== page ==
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ment, with the expectations of all ranks and parties highly excited in his favour. It was publicly known that the illustrious Earl of Chatham had conceived the highest opinion of the talents and acquirements of his second son. William had been educated and formed under the eye of that eminent statesman, who, oppressed with bodily infirmities, immersed in public business, and loaded with years, with the most earnest anxiety and delight tutored and directed the opening understanding of his favourite son. From his earliest age the youth had given the most undoubted proofs of intellectual vigour. A regular, judicious, and persevering application did justice to his great powers.

After he had acquired a considerable share of classical literature, he applied himself sedulously to mathematical studies. This branch of learning was probably instrumental in forming his masculine understanding to the precision of thought and closeness of argument which distinguish his speeches. He was sent to an University, of which the exercises have a peculiar ten

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dency to sharpen, invigorate, methodize, and expand the mind; and soon impressed both the scholars and masters of Cambridge with an idea of the superior figure he was destined to make. Devoting himself to the studies most prevalent at his college, more, as Burke had done at Dublin, for the sake of acquirement than display, he also treasured up in his mind moral and political history and science. Nature had given him uncommon talents. The plan of his education was peculiarly adapted for forming and strengthening his faculties, his own choice afforded him the most useful materials, and his judgment directed his powers and exertions to the most important objects. So qualified and prepared, on leaving the University, he betook himself to the study of the law; and with his powers, previous acquirements, and persevering industry, made very distinguished progress. He early formed one of the most beneficial habits which an understanding can contract—a habit of INDUCTION, or of thoroughly examining particulars before he admitted a

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general principle in any new case; and when he did admit a principle, he accus- tomed himself to consider it in its application to the circumstances and situations, and not to receive it implicitly, and without the proper

limits and qualifications. Perhaps, indeed, there is not a more striking difference between the reasonings of the personage before us and his great opponent, than in the extent in which each adopts a general principle. The former squares it to the case, the latter often takes it in a much greater latitude than will apply to the

This difference, however, respects the appositeness of the means to the end. Mr. Pitt not only formed a habit of just and apposite thinking, but of reasoning to the point at issue, and to no other, To this appropriation, the studies to which, from his father's recommendation, and his own choice, Mr. Pitt devoted a considerable part of his time, were peculiarly subservient. He applied himself with great assiduity to mathematics; and while, by geometry, he improved himself in clearness of argument,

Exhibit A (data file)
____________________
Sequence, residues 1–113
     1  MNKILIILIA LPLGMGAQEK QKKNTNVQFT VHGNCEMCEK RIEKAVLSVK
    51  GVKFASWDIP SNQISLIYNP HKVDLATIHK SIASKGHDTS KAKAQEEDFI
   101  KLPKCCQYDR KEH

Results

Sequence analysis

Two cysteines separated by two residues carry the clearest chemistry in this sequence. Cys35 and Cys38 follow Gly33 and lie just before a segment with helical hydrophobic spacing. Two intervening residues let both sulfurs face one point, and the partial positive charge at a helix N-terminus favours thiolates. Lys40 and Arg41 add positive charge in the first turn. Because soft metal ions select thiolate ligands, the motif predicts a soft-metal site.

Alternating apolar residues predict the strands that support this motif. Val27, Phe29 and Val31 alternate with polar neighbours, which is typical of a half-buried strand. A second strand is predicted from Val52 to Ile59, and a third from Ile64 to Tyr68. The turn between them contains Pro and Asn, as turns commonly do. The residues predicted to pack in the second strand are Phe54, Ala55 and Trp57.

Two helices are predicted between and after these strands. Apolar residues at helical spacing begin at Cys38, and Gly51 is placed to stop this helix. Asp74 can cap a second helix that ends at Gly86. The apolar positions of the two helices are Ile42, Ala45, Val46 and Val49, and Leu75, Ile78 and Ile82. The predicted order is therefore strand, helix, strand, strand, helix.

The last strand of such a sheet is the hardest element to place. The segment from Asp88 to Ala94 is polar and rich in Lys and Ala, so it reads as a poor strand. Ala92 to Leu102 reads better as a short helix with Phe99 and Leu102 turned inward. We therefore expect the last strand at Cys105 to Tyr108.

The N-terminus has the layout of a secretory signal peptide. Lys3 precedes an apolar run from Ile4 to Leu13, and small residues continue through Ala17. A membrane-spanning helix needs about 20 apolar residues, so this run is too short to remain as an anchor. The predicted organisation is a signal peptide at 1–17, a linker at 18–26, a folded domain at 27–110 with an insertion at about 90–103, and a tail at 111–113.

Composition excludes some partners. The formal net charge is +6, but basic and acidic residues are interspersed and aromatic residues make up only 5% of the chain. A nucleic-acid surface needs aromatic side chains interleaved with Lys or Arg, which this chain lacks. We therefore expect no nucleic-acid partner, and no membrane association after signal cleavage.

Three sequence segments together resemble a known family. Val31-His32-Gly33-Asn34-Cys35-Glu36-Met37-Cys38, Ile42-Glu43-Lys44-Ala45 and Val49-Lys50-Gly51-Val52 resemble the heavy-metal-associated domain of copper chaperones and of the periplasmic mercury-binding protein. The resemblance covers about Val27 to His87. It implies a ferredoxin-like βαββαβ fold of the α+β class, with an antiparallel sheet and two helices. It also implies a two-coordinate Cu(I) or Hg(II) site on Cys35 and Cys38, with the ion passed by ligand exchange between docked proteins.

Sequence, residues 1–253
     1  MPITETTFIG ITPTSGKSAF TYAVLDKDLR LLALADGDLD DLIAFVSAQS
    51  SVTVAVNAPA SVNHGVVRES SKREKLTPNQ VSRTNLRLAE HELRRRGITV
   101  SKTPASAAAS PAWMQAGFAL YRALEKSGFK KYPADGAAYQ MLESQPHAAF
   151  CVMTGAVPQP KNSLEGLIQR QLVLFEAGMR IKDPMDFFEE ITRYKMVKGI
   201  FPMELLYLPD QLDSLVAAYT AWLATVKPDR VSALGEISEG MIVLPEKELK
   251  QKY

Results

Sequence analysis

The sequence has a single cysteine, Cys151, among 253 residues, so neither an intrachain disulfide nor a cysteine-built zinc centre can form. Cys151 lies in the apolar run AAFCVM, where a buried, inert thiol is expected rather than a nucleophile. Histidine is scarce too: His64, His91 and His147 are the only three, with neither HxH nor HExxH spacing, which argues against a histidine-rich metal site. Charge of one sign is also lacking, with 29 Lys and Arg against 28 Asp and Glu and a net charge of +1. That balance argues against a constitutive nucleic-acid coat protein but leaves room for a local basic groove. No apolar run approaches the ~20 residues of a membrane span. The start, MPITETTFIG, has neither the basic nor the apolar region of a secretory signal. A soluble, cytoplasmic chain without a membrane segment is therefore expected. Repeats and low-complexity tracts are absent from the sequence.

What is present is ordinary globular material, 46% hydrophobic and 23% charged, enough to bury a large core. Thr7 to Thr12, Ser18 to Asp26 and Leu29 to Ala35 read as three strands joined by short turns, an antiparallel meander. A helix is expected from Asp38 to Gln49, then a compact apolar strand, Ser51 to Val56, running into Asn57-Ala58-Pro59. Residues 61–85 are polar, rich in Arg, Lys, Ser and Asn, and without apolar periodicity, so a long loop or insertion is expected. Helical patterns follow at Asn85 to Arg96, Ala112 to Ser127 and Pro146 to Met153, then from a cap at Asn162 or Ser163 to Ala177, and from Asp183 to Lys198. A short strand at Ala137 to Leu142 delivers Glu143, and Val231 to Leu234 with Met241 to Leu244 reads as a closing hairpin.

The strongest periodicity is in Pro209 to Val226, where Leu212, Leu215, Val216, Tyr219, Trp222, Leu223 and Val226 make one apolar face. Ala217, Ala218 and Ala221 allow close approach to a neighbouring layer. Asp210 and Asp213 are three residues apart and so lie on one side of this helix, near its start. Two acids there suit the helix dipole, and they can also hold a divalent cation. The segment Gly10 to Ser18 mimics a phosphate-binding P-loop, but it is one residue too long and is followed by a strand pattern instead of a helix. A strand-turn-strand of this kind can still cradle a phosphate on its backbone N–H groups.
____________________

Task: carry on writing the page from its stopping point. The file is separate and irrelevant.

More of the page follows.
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and precision of thought, he, by algebraical
exercises, increased the natural facility with
which he invented or discovered proofs.
Persevering industry accompanied and as-
sisted the endowments of genius : his
gress in erudition and science was un-
common. * His moral qualities and habits
greatly facilitated the operations of his in-
ellect: he was untainted by the dissipation
which often diverts to improper objects the
force of very great minds, and by that de-
bauchery which precludes confident reliance
on the exertions of its votaries, however
extraordinary their genius may be, and even
weakens the faculties themselves. He had
a firmness of temper' which steadily pur-
sued what he perceived to be right; and
adhered to his own plans of conduct, un-
disturbed by the ridicule of frivolity, and
unseduced by the allurements of vice. His
relaxations from study and business tended
to the improvement of his understanding.
Rational conviviality with men of talents

* See the Historical Magazine, June 1799.

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and knowledge gave to discourse and discussion hours bestowed by many young men on the licentiousness of the stews, or the phrenzy of the gaming-table.

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His contemporaries at Cambridge proposed that he should stand candidate for representing the University in Parliament: this he declined, and was returned member for Poole. His first public appearance had been two years before his election. Soon after his father's death, a report had been spread of a negociation having gone on the preceding winter, between Lord Chathamn and Lord Bute, for Chatham coming into Administration. Some said that Lord Bute had applied to Chatham, others that Chatham had applied to Bute. This last supposition, with great reason, Pitt considered as derogatory to his father. A statement, published by the Chatham fainily, and drawn up by Pitt, was considered by Lord Mountstuart as tending to convey an idea that his father had applied to Chatham. In endeavouring to refute that notion, he

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